05 Jan Cut the Time Between Listing and Closing
We recently reviewed a survey we had done for the International Business Broker’s Association by Babson College 20 years ago. One of the questions asked for the average number of days from listing to sale. We compared the results of the 1992 survey to our most recent survey results from 2011.
|Survey Year||>Average time from listing to sale|
The big question is, obviously, “Why do deals now take more than twice as long from listing to closing?” One would think with all of the resources available today plus the use of email, search engines, computers, etc. that the time it takes to close a deal would be much less than it was almost 20 years ago.
Paperwork can be emailed back and forth. Information for vendors, government offices, and the like are readily available with search engines. Don’t forget cell phones, fax machines, etc. One would think that with all of these tools available that deals would be much easier to close and the time from listing to close would be much quicker.
So, why does it take twice as long today than it did 20 years ago (almost)? We can point a finger at increased governmental paperwork, red tape, etc. We can also assume that the attorneys of today work at about the same speed as they did 20 years ago. However, one would think that with all of the tools available today that their speed in drafting documents would be greatly increased. I suspect that the piles of paperwork sitting on their desks today is just about the same as 20 years ago.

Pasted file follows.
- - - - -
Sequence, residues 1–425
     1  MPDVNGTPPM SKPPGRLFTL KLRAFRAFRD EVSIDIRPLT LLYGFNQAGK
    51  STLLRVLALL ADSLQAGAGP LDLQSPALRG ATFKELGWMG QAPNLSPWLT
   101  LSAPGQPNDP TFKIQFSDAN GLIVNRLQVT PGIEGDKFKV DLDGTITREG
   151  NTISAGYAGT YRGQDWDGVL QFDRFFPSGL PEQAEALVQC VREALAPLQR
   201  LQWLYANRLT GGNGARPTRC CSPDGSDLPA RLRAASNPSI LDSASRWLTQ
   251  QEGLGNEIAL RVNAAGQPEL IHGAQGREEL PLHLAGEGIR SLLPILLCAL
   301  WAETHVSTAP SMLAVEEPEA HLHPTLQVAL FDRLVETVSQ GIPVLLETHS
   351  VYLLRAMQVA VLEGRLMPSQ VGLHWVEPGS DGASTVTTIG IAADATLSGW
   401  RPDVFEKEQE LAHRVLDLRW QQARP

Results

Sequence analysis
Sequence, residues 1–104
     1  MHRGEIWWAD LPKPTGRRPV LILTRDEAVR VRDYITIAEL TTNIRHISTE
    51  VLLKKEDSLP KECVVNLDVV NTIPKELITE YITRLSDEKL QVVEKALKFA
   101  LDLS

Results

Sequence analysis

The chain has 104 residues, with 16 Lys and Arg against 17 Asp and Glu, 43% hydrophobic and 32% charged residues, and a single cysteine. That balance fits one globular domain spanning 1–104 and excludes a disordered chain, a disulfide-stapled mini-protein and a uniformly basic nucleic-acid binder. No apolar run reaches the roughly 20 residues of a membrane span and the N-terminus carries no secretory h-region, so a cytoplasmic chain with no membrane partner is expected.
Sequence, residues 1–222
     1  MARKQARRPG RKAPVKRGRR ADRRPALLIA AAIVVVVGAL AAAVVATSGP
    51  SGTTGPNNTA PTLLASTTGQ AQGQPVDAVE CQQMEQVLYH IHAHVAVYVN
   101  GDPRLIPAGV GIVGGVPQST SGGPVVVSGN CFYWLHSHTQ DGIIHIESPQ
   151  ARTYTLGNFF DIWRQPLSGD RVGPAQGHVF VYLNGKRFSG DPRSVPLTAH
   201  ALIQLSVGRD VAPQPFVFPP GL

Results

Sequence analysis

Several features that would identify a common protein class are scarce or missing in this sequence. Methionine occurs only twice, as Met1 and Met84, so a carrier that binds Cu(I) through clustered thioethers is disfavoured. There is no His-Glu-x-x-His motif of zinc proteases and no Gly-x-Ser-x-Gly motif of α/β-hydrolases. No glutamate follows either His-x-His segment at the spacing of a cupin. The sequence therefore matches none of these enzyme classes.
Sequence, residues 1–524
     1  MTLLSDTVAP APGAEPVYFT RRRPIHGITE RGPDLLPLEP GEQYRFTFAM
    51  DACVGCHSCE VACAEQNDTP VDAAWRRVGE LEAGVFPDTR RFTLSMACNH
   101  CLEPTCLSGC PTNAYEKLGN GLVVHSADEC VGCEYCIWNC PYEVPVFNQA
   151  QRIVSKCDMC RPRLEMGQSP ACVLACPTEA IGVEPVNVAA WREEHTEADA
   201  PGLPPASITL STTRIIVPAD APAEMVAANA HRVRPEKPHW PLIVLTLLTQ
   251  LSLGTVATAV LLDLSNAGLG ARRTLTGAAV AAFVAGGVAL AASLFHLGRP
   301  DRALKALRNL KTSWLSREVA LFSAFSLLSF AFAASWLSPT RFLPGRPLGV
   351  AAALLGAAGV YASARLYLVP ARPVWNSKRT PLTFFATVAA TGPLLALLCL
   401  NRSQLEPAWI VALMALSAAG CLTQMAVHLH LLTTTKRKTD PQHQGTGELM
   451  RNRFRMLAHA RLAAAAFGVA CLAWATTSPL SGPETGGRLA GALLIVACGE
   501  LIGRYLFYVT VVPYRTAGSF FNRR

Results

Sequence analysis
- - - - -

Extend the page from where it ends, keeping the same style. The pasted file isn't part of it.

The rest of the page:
The key thing to keep in mind is that the longer it takes to close the sale, the more likely it is that it never will sell.
What can business brokers do to cut down on the time between listing and closing?
Here are a few ideas:
- Go to market quicker. We used to place a new listing on the available list, but with a sign that signified that not all of the back-up work was completed. That way if someone had a buyer for a like business, it could be shown, but with reservations.
- Sell the listing to all of the agents in the office.
- Co-broker to create more buyer activity.
- Do all of the pre-closing work (landlord approval, list of FF&E, rundown on existing loans, all of the seller information, etc.) prior to an offer.
- Take shorter listings to put more pressure on the listing agent and the office to get a deal. No one works on a listing that has been sitting around on the premise that since it hasn’t sold, it probably isn’t saleable.
- Contact the seller every 10 days (max) to keep them involved in the selling process. Work on getting a lower price and especially a lower down payment. Keep up with how the business is doing; are sales increasing? etc.
- Change the write-up on the various listing sites you are using at least once a month.
- Keep in mind that the sale starts with a potential buyer actually seeing the business. Remember, the sale starts when the buyer sees it.
- Line up a closing attorney, an escrow company, etc. — whoever is needed to close deals — who can get the job done quickly and efficiently. Then encourage your buyers and sellers to use them.